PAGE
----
A New History of Old Places
Can you help to put together a new history of the Parish of Chapel en le Frith. Have you got memories or old documents which might help? We are not asking you to part with them, just to let us see them.
The town and its population is changing hugely and it therefore feels important to make a serious attempt to re-discover its past and document it for future generations, who might not otherwise be aware of the earlier times of this great historical parish. The unusual name of the town and parish came from the original Chapel built in 1225 that became the Parish Church of today.
The last substantial history was written over 90 years ago by W. B. Bunting (he also wrote a history of the Church in 1925.) The Local History Group wants to build on his work and we are looking for help from anyone who can add to our understanding of the past. Contact the group by calling in and speaking to Sue or Lyndsay at the bookshop, via this website or email email@example.com. One of the members will then contact you.
The launch of the LHG Occasional Papers December 2019
The group are delighted to announce that the first of the new ‘Occasional Papers’ are on sale now at the shop price £2.50 each.
Chapel en le Frith’s Ancient Tracks compiled by Tony Gloster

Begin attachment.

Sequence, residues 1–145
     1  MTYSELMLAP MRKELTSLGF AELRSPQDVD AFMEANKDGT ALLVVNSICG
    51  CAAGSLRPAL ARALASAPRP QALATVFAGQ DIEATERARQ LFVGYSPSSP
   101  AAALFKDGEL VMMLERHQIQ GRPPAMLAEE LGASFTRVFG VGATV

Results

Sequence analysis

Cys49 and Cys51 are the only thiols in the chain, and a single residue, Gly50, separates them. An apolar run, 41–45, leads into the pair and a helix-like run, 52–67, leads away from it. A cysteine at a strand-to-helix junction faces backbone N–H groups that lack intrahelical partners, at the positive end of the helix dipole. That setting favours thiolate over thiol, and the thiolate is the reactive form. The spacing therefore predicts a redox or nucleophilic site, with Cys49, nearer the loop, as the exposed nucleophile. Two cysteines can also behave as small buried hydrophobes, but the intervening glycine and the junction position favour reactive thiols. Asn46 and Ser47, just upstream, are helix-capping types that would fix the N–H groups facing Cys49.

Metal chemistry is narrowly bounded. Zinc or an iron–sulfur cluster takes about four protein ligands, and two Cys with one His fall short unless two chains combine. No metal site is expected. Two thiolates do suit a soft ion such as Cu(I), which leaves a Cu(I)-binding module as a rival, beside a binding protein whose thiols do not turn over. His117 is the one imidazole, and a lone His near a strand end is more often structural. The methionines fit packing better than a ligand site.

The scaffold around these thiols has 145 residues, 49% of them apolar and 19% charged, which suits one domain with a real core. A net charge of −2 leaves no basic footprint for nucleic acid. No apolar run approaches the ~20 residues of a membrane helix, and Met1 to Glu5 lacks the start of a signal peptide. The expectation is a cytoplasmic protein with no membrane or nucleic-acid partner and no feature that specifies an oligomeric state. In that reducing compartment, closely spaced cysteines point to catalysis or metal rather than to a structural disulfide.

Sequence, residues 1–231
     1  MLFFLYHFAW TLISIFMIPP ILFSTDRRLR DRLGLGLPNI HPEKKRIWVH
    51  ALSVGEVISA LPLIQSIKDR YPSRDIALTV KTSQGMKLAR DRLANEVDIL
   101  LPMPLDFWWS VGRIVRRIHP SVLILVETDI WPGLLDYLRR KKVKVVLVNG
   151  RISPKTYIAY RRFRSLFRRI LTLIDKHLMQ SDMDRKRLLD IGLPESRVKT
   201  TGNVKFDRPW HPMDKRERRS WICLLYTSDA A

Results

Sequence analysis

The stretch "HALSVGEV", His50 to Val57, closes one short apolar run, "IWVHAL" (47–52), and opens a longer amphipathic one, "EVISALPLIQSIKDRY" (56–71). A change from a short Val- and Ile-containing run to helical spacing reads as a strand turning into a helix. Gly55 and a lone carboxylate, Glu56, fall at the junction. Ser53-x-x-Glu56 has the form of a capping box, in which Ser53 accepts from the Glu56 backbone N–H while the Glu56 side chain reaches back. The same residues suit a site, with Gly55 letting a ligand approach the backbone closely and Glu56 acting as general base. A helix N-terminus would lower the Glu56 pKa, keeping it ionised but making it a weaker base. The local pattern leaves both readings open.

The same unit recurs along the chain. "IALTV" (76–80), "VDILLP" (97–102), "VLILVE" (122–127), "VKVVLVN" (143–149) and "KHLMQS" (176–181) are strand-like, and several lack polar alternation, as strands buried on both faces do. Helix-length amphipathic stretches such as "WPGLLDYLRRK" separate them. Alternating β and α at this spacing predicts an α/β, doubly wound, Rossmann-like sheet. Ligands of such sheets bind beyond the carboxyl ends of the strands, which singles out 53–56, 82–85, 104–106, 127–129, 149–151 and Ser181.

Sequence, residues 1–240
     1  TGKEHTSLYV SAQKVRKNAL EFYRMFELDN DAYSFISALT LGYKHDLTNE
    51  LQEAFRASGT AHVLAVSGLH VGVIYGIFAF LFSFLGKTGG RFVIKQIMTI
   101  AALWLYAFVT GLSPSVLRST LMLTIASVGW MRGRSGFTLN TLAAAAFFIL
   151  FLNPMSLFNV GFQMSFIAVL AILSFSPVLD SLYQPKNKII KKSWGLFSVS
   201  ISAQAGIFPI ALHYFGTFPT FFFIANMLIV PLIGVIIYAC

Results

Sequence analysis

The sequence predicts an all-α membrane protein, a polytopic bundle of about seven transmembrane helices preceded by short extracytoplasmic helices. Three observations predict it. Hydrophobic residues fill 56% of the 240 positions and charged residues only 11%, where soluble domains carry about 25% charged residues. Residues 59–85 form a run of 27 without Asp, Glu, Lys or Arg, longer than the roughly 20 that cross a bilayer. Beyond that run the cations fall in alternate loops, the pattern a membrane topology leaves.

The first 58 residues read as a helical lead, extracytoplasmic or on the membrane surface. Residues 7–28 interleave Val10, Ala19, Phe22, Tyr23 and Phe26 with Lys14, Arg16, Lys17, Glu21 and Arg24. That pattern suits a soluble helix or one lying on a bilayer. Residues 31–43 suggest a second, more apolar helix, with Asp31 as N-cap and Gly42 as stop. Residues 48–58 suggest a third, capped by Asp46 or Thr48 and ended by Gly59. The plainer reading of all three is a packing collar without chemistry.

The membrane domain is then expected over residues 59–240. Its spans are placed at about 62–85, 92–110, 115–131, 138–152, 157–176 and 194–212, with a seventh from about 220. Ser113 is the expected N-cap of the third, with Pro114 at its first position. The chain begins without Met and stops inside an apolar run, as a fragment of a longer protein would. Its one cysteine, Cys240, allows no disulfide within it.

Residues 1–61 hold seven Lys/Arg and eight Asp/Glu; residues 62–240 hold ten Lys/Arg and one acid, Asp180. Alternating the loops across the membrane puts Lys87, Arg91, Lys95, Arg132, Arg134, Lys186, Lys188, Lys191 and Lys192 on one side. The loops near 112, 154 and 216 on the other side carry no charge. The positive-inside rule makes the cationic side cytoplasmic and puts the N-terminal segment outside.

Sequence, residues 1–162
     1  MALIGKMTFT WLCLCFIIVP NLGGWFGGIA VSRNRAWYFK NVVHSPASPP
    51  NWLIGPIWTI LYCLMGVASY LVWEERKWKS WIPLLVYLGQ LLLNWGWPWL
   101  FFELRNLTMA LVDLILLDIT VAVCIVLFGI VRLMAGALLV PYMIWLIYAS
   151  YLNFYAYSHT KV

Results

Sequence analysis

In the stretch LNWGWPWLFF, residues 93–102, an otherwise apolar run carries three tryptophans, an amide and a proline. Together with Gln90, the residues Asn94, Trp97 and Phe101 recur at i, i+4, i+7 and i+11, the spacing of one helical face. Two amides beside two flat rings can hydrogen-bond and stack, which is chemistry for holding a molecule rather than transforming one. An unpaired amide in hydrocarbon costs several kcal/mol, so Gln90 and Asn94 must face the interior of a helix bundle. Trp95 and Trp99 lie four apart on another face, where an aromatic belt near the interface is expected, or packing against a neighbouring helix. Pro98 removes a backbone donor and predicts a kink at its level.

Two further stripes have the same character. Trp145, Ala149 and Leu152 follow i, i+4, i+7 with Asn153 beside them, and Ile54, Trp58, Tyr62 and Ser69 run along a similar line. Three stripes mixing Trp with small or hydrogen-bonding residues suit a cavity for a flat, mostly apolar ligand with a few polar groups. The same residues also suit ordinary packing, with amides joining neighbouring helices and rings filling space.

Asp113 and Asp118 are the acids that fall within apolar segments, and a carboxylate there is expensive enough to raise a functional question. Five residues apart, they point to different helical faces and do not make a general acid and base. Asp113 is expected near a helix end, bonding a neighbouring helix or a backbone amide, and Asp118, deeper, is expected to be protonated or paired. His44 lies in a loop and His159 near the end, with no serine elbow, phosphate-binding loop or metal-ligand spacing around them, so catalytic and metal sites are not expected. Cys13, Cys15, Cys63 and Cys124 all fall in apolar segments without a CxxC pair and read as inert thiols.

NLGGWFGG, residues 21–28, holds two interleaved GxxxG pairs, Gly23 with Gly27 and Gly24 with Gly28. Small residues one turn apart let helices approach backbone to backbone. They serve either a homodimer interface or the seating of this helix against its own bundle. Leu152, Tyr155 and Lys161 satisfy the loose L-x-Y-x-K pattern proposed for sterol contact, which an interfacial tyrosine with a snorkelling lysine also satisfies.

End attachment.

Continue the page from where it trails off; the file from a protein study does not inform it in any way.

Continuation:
Industrial History of Chapel en le Frith Parts 1 and 2 compiled by Nigel Watson.
Nigel and Tony have worked hard to produce an accurate accounts of each topic.
Many of the new residents to Chapel are very interested in its past and are delighted about the Occasional Papers. They find them reasonably priced, easy to read and will fit in a pocket to take out with them when they go exploring the area. They are eagerly awaiting the next one!
The aim is eventually to have all the ‘papers’ in one hardback published collection.
New publication March 2019
A comprehensive introduction is followed by annotated maps, references and historical notes for each grange are arranged in alphabetical order. Summary tables highlight patterns and trends.
An appendix, researched and written by Brian Rich, considers routes taken by religious houses to reach their granges from outside Derbyshire.
The book aims to bring to life the activity and influence which monastic communities had during some four centuries in Derbyshire and how this can be interpreted today in the landscape. It is hoped it will stimulate enthusiasm for renewed investigation.
Mary Wiltshire and Sue Woore have always had a keen interest in interpreting the landscape. They have undertaken field work at the site of every grange catalogued and have reinforced this by researching documentary sources.
On sale now SP £14.99